more
  • Nikki
    January 1, 1970
    God bless the advent of Kindles and eBooks that allowed me to read this book whilst living internationally. And God bless what's-his-name.
  • Bookreporter.com Biography & Memoir
    January 1, 1970
    HOME WORK covers Julie Andrews’ years working in Hollywood on various movies, including Mary Poppins and The Sound of Music. Written with her oldest child, Emma Walton Hamilton, she reflects on her extraordinary film career and its effect on her personal life as she learns to navigate her meteoric rise to fame.The mother/daughter duo co-wrote Andrews’ first memoir, HOME, which focuses on her life growing up during World War II, her experiences with vaudeville in her teens and performing on Broadw HOME WORK covers Julie Andrews’ years working in Hollywood on various movies, including Mary Poppins and The Sound of Music. Written with her oldest child, Emma Walton Hamilton, she reflects on her extraordinary film career and its effect on her personal life as she learns to navigate her meteoric rise to fame.The mother/daughter duo co-wrote Andrews’ first memoir, HOME, which focuses on her life growing up during World War II, her experiences with vaudeville in her teens and performing on Broadway in her early 20s. In the Introduction to HOME WORK, Andrews offers a concise summary of the highlights of HOME to give readers the relevant details of her early life and to help them place family relationships and events in context when those people are referenced in the pages that follow.The book opens as Andrews is cast in Mary Poppins and heads to Los Angeles to meet with Walt Disney himself and other relevant people whose job it is to prepare her for the lead role. She recounts her steep learning curve as she adjusts to the process of filming a movie versus staging a Broadway show. These reminiscences are brimming with in-depth, fascinating glimpses into both the creation of the movie and the personalities of the actors with whom she worked, and she regales readers with stories that provide just the right balance between the two. Particularly intriguing are her descriptions of creating the special effects: “So often, the film called for something that had never been achieved before in terms of special effects. It was up to Walt’s brilliant technical crew to figure out how to make it happen.”Andrews’ discussion of the filming of The Sound of Music contains the same thoughtful recounting of behind-the-scenes tales, but she also addresses her initial reluctance to accept the role because she had not loved the Broadway production of the show and hated to be cast again as a nanny so early in her career. While the movie did not require the rigorous, occasionally dangerous and often time-consuming special effects that were necessary in Mary Poppins, The Sound of Music had its own challenges and initially was not well-received by the critics.As she continues to talk about her amazing film career during the time period covered in HOME WORK, Andrews’ grace, decency and devotion to her craft shine through on each and every page. And the fact that she wrote the book with her daughter lends an additional layer of genuineness and authenticity to her depiction of her life story.In her Epilogue, Andrews offers some advice to aspiring performers: “Learn your craft. Do your homework. Opportunity will come along when you least expect it, as it did for me. You may not even recognize it at the time. Your job is to be as ready as possible when that good fortune comes your way.” While she directs this guidance to those seeking to succeed in her profession, these wise words will benefit anyone who heeds them regardless of his or her job.HOME WORK traces Andrews’ career through 1986, focusing on both her personal life and her professional body of work during those years. It provides an unparalleled glimpse into these remarkable chapters of her life and will leave readers hoping for a third memoir in the not-too-distant future.Reviewed by Cindy Burnett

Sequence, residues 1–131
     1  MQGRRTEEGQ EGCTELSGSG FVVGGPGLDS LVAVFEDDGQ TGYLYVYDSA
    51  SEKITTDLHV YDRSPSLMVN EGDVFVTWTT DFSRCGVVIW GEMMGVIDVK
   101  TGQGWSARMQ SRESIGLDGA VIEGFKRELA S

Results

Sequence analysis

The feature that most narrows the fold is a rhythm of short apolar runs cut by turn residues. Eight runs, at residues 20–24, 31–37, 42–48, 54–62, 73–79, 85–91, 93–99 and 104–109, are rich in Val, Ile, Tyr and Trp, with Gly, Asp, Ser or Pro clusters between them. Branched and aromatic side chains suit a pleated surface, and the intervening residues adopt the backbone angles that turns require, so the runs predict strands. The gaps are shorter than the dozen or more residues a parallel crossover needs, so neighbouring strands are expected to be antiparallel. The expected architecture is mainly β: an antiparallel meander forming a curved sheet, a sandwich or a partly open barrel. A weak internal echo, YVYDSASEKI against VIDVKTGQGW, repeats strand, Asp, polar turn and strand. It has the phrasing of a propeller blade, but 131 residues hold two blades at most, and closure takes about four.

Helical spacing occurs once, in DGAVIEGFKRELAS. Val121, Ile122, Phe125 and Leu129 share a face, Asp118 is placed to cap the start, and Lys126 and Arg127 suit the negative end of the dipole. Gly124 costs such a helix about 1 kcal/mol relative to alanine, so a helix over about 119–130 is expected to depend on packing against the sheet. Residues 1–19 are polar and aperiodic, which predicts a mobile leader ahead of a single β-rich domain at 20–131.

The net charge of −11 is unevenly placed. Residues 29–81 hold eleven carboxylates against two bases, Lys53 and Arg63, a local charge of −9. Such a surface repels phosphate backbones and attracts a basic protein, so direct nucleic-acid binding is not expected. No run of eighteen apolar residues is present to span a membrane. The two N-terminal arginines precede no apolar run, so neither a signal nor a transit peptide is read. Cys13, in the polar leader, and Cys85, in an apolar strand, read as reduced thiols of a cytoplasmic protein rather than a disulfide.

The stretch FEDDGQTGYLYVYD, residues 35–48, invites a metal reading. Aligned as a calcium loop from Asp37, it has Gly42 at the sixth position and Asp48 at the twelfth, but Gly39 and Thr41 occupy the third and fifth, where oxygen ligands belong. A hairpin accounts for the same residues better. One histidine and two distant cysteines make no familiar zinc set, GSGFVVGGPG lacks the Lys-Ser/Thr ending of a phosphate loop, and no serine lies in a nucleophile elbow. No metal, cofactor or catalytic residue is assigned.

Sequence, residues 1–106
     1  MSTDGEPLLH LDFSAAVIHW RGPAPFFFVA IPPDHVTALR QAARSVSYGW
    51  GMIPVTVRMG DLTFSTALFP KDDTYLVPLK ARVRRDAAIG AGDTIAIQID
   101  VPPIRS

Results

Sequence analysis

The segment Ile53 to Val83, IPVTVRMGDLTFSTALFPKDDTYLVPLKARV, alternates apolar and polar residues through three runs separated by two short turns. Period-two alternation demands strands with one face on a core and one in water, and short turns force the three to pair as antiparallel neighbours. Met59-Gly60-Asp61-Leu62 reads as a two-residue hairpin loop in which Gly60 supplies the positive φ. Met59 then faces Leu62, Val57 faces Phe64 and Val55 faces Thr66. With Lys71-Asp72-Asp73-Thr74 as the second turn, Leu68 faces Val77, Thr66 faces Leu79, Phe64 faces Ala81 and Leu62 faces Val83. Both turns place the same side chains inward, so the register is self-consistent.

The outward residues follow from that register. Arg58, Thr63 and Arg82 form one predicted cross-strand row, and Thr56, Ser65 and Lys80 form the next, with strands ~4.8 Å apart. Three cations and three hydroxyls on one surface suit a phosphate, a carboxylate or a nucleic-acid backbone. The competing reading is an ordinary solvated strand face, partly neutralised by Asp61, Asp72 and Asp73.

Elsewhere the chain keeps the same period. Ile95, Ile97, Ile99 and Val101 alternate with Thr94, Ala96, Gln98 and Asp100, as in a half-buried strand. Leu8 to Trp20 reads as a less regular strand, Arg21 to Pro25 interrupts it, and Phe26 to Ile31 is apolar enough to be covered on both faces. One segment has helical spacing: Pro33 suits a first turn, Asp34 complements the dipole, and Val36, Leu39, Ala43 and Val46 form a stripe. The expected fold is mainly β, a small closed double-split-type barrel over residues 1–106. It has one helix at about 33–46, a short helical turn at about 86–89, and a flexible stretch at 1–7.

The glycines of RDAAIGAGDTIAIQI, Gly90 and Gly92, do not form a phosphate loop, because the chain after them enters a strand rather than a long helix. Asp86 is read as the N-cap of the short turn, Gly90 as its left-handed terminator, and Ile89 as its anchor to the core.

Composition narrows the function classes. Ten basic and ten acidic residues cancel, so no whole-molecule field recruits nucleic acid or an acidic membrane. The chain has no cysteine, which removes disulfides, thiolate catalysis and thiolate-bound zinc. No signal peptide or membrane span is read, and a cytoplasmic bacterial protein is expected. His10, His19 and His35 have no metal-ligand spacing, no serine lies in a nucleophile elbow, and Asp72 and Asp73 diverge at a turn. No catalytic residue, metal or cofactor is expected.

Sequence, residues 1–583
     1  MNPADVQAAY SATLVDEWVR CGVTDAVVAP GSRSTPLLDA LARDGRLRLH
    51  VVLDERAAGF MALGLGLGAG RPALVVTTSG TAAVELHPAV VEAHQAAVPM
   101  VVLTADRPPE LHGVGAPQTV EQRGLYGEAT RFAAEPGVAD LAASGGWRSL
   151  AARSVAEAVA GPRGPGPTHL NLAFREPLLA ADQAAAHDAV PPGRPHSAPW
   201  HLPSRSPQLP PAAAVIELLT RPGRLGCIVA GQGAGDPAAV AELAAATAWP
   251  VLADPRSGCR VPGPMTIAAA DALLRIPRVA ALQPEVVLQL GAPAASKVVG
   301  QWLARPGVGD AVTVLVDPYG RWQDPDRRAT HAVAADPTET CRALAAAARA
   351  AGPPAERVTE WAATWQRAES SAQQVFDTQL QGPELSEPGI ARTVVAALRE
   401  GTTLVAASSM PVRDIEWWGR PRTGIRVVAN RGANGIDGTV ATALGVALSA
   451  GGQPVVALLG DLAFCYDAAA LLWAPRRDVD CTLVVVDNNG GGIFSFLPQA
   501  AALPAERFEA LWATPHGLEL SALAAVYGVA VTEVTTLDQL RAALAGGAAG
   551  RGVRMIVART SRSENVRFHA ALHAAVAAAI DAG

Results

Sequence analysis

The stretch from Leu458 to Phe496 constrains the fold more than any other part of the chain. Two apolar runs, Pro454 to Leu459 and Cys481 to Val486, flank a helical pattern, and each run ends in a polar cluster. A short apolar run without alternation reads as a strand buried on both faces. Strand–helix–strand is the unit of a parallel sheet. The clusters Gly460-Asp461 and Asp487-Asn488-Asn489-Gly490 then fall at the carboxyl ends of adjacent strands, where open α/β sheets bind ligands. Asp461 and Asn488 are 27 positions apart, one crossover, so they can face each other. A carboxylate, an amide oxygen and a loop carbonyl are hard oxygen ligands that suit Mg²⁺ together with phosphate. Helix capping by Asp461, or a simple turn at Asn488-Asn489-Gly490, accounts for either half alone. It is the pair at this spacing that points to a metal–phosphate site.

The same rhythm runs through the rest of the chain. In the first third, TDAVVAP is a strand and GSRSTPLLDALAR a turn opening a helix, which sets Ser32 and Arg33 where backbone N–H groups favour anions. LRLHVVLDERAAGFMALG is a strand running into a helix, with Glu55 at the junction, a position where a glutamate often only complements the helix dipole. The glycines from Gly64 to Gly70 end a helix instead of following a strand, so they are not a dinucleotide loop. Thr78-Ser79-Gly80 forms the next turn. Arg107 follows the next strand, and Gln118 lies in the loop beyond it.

more
  • Lori
    January 1, 1970
    I was happy to see that Julie Andrews wrote her second memoir. I read her first memoir that she wrote from her birth to age 26. It ended with her on a plane to California to film Mary Poppins. Home Work continues with her career in the movies. It is from 1963 to the upper 1980s. It was nice for me to read of her experiences filming some of the movies I loved like Mary Poppins, The Sound of Music up to Victor Victoria. She writes about her divorce from her first husband and eventually meeting an I was happy to see that Julie Andrews wrote her second memoir. I read her first memoir that she wrote from her birth to age 26. It ended with her on a plane to California to film Mary Poppins. Home Work continues with her career in the movies. It is from 1963 to the upper 1980s. It was nice for me to read of her experiences filming some of the movies I loved like Mary Poppins, The Sound of Music up to Victor Victoria. She writes about her divorce from her first husband and eventually meeting and marrying Blake Edwards, Combining two families. Years later adopting two baby girls from Vietnam. She writes of her working with many famous actors and actresses but does not talk too much about them she is careful about what she says. She does have many nice things to say about her co- workers. I liked her memoir. I am a fan of hers so nice to read more about her life.